Rarest of rare case: American black vulture spotted in Gurugram
Birders across the National Capital Region (NCR) sighted a black vulture (Coragyps atratus) in Gurugram’s Chandu Budhera – a sighting that is being described as the ‘rarest of rare’ because the bird is not found in Asia, or even Europe, making it the first such sighting for the region
Birders across the National Capital Region (NCR) sighted a black vulture (Coragyps atratus) in Gurugram’s Chandu Budhera – a sighting that is being described as the ‘rarest of rare’ because the bird is not found in Asia, or even Europe, making it the first such sighting for the region. Experts believe that the bird probably escaped from the clutches of wildlife traffickers.
The bird was spotted around 500 metres from the Chandu Budhera water treatment plant on Friday afternoon, first by birder Anu Mathur, who then called another veteran birder, Colonel Pankaj Sharma, to identify the bird. Till Saturday, the bird was still in the same area.
Sharma says Mathur spotted bird at 3.15 pm on Friday and immediately called him, informing him that it was a bird she was having difficulty in identifying.
“Since she is very new to birding, she wanted a second opinion and I reached there soon after. It initially appeared to be an Egyptian vulture as the size and colour was similar to that of an Egyptian vulture, but the area around the neck and head was different. I looked it up online and confirmed it to be a black vulture, which is not found in this part of the world, so that makes it even more surprising,” he says, adding it is most likely an escapee which was being trafficked.
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Black vultures are found only in parts of South and North America with no previous records of migration either. “It is not found in this part of the world and it also hates flying over water, so that makes the possibility of migrating even rarer. So far, the bird appears to be doing well though, as there are plenty of chicken carcass in the area,” he added.
Nikhil Devasar, a regular birder around the National Capital Region, who also organises the Big Bird Day Count, says there was another record of the black vulture being sighted in Nepal in July last year, but past records show the bird has never been sighted in India. “There is a chance this is the same vulture that was spotted in Nepal last year, but even then, it is extremely unlikely that the bird migrated to Asia as it has never been found in this part of the world. We suspect that it could have been a part of someone’s private collection, or it has escaped from a zoo, or during illegal trafficking of wildlife,” he said.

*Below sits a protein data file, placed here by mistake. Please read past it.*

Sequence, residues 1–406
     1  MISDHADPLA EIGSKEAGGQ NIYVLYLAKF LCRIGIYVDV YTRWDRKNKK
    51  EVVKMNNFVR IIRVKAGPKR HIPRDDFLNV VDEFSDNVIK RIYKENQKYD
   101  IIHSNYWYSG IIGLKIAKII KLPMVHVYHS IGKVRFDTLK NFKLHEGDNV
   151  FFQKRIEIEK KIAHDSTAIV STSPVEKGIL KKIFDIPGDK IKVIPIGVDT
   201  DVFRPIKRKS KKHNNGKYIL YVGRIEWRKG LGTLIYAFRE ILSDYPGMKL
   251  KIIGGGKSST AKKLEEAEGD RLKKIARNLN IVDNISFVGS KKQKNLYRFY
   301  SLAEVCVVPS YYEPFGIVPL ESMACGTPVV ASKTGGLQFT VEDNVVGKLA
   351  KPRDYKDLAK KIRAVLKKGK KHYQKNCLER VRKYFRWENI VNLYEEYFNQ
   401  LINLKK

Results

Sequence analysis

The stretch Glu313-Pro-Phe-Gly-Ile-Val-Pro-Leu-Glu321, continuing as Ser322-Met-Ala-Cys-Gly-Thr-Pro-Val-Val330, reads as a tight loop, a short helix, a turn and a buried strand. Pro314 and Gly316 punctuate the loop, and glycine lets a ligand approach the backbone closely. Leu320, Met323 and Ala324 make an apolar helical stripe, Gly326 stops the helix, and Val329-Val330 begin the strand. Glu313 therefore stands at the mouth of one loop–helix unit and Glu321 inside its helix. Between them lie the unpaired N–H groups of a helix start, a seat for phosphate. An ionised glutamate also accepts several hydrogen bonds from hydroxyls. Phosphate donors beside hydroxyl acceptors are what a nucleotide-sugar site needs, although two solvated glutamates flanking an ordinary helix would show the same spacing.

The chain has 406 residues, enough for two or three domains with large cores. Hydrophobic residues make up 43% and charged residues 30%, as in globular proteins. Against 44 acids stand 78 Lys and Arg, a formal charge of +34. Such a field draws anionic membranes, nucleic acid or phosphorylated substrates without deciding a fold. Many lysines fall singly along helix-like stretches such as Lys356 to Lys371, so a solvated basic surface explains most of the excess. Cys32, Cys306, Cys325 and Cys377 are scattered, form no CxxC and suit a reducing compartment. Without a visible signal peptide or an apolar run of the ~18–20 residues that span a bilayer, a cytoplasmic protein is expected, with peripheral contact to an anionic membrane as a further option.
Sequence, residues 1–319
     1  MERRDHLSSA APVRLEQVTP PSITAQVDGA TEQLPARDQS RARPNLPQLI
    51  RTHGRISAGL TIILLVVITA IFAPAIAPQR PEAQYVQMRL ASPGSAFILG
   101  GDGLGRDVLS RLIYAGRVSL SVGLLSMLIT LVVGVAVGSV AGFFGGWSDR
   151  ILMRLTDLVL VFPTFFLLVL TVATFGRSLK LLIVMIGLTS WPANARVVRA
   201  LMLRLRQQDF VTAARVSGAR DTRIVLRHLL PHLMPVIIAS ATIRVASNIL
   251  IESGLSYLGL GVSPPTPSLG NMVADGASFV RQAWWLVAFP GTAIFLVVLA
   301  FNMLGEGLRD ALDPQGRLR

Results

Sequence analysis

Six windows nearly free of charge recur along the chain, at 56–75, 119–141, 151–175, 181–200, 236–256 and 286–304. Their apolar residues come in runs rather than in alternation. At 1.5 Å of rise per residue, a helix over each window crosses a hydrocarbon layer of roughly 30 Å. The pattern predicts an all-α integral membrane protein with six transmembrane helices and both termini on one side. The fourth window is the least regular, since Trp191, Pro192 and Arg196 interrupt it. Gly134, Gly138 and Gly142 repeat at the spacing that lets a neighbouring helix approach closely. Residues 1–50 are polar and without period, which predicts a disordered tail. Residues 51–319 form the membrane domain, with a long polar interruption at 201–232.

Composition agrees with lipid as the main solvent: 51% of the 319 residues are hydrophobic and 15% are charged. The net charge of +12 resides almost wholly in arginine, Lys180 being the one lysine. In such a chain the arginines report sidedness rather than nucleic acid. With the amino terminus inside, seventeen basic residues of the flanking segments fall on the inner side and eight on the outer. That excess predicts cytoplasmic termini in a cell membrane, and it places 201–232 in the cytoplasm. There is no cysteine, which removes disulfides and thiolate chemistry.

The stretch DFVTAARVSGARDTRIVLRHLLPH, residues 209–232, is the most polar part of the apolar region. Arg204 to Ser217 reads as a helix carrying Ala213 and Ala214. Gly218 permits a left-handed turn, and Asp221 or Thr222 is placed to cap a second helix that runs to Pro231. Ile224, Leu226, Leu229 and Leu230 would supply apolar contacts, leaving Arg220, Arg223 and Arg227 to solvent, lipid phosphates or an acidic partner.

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Birder Pankaj Gupta, who also spotted the bird on Saturday at Chandu, said it appeared to be acclimatising itself to its new surroundings. “A lot of birders, including me, went to Chandu on Saturday after hearing about the bird. We do not plan to disturb it and only if it appears that the bird is not feeding or able to find food, will we look to alert the local forest and wildlife department to intervene. It appears that the bird has found the right habitat,” he added.
Sohail Madan from the Bombay Natural History Society (BNHS), who has carried out multiple studies around vultures and birds of prey at the Asola Bhatti Wildlife Sanctuary in Delhi, says sighting such a vulture indicates trading of exotic birds. “This is an extremely rare sighting and indicates possible trafficking, at a time when the population of vultures is declining worldwide.”